[Editor’s note: This is the second post by Alex Ademokun reflecting on the recent Politics & Ideas paper ‘Lessons learned promoting links between researchers and policy makers’. Alex manages the Evidence-Informed Policy Making programme at INASP.]
My first post talked about challenges to applying these lessons in practice such as identifying at which level capacity needs to be built and issues to do with carrying out a needs assessment. In this post I will touch on selection of participants and challenges with demand for capacity building.
Selection of participants – At INASP we believe that selection of participants is an important step in the successful implementation of any capacity building project as discussed by my colleague Antonio Capillo, here. Put simply if you do not identify people with a need for, or the opportunity to use the skills you are trying to build in their jobs you are unlikely to have a long term impact on capacity.
The VakaYiko consortium is working on how to strengthen the selection processes for all our activities to ensure they are useful both to the ministerial departments we work with and to the individuals in the room.
One approach when we discuss selection of potential participants with heads of departments is to provide profiles in terms of roles as opposed to by job titles or career level. This is because job titles do not always reflect what people actually do whether because prestige associated with a particular position means the wrong person is in that position or because people carry out multiple roles due to staffing problems. So instead of saying ‘a grade 3 Civil Servant’ or ‘a policy researcher’ we describe a role such as ‘’the person responsible for sourcing research data on key policy issues in the department. The individual may also be responsible for interpreting research data and summarising the key points to the Director of the department’’.
We will then discuss the profiles with the department heads as part of a needs assessment before the relevant participants are identified.
This approach of course presumes that there is someone with that particular role in the departments. In discussions with Senior Civil Servants it is clear that roles overlap and are often carried out in an ad hoc manner which in itself provides useful information about the working environments individuals come from.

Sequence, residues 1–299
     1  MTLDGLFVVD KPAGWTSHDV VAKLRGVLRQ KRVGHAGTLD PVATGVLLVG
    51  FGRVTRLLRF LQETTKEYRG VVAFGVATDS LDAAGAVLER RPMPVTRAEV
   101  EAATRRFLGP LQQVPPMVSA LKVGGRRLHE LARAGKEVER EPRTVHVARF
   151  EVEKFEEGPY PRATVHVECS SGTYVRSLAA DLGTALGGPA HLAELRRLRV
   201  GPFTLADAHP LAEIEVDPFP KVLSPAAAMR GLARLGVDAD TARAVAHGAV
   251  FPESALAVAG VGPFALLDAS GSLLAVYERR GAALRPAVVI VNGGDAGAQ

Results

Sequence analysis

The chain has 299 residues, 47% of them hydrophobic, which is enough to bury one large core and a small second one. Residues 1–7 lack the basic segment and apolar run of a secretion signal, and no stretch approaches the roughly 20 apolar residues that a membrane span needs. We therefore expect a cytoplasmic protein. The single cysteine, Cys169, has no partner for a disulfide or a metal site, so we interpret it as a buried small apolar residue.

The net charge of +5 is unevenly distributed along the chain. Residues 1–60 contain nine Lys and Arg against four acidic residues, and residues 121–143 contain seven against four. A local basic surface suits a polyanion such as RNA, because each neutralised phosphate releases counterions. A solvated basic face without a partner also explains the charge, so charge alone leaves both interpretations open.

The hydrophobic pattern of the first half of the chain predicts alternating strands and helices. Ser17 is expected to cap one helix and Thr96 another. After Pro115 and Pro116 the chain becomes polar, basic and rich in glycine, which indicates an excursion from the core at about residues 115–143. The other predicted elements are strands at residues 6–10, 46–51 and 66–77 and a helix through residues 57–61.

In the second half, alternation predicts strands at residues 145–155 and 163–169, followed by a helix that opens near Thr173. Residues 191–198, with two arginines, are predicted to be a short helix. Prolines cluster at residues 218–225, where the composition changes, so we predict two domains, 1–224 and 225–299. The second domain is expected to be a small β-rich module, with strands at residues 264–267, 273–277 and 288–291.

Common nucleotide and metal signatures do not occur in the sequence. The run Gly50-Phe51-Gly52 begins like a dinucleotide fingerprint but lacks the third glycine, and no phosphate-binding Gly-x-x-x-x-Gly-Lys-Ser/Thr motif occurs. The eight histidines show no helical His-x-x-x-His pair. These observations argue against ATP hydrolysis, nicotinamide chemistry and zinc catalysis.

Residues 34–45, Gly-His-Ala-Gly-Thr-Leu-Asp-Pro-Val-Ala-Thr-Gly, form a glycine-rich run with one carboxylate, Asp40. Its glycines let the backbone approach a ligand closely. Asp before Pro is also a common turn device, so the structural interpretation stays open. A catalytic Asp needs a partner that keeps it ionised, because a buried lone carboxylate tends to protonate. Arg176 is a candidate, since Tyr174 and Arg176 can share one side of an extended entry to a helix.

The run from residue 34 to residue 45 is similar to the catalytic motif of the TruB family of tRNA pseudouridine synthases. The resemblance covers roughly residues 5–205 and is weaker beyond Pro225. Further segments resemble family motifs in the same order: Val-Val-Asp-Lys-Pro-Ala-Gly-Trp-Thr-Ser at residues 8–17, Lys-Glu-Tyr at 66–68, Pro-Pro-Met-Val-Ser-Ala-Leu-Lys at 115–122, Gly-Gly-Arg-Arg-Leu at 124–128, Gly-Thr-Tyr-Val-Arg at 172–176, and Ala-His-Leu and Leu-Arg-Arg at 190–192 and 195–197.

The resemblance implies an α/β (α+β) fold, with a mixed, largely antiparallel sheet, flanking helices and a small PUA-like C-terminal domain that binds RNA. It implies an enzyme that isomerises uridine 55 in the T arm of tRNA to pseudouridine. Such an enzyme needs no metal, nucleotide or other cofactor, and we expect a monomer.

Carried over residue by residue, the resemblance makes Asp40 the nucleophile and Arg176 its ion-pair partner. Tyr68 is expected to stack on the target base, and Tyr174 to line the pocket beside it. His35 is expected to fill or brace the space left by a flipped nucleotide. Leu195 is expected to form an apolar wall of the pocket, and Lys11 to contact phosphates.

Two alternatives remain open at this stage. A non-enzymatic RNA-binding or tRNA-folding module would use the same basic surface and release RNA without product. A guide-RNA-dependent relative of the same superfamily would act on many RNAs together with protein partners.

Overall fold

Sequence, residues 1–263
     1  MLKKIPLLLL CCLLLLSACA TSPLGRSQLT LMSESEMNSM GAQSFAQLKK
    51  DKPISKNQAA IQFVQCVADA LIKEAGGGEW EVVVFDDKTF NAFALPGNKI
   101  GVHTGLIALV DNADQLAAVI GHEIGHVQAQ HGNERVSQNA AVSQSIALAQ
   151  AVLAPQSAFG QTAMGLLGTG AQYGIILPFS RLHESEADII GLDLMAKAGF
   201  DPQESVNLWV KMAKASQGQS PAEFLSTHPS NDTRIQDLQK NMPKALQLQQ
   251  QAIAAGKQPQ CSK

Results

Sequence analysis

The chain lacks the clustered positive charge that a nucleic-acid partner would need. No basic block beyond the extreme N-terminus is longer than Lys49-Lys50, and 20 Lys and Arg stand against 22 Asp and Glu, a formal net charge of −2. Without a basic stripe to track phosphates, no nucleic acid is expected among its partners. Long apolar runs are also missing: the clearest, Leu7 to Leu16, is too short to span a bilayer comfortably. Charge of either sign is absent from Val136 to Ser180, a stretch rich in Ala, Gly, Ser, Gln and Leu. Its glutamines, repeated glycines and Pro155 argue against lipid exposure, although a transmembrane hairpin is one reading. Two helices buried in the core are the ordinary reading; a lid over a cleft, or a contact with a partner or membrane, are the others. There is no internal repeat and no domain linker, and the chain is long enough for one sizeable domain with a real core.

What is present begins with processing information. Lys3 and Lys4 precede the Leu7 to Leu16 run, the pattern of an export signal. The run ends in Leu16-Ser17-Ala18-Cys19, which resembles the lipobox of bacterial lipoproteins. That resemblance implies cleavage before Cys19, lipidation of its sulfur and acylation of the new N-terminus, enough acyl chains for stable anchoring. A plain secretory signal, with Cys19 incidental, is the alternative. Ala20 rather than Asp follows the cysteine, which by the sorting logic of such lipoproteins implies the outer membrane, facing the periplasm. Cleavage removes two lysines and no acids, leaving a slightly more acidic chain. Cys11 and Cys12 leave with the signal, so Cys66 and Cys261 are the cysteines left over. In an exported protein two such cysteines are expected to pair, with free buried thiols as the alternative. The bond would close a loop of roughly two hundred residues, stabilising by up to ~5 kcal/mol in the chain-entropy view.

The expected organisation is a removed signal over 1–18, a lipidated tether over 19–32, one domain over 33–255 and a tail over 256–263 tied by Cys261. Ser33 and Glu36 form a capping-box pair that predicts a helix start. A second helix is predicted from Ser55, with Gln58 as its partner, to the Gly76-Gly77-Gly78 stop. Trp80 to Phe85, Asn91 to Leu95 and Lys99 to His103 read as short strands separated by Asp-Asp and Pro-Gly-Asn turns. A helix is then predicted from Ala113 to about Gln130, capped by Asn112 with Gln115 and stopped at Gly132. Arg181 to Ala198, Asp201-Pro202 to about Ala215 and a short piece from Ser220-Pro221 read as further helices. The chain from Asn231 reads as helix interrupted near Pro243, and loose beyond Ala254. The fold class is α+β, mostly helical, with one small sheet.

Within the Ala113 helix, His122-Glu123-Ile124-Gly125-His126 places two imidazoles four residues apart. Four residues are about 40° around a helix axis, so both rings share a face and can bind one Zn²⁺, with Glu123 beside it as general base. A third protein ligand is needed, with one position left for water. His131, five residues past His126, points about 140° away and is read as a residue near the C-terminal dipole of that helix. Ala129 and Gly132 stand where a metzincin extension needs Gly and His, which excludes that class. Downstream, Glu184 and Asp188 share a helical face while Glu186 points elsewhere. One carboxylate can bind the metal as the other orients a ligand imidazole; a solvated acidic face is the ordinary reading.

A second approach across the programme is to work with institutions that already have a remit to support and train Civil Servants or other policy support staff. In Ghana for instance CSTC offers a mix of courses to different levels of Civil Servants. Courses are approved based on input from Directors in key departments, HR directors and the Office of the Head of the Civil Service to ensure they meet a need within the Civil Service as an institution.
Capacity Building works if participants demand it – This seems obvious but is rather difficult in practice. At a basic level, demand for capacity support and the availability of resources do not always coincide.
As noted in the paper, it is important to get top level buy-in along with organisational support in the form of resource contribution or other demonstration of commitment (such as a formal agreement). However, one challenge I foresee is that of converting organisational support to actual interest/demand at the individual level. Organisational support is good for getting participants in a room but it does not guarantee you their engagement, attention or indeed the suitability of the participant. In VakaYiko we aim to demonstrate the advantages of any activity not just to the organisation and management but we see demonstrating the advantages to the individual as key for success. In Zimbabwe we will not only run sensitisation workshops for Senior Civil Servants we will also bring in the researchers and support staff who will ideally be the audience for any training. This allows them to see the buy-in from management but also creates a space for their input into the design of the training.
In this regard the tips on p23 of the paper will be useful as we plan interventions in detail.
Working with partners – This is a core principle of INASP, our work is built on a network of champions who lead projects in their own countries. VakaYiko, like all INASP projects, depends on the knowledge, expertise and networks of such partner organisations. This consortium allows us to strengthen those relationships, build new ones and learn how to be better at supporting locally led capacity building projects.
The paper from Politics & Ideas has many lessons that apply to this programme and others like it. We will continue to share our reflections on how to apply these lessons in practice and hope to be part of a wider conversation about how to improve the way capacity building programmes are designed and delivered.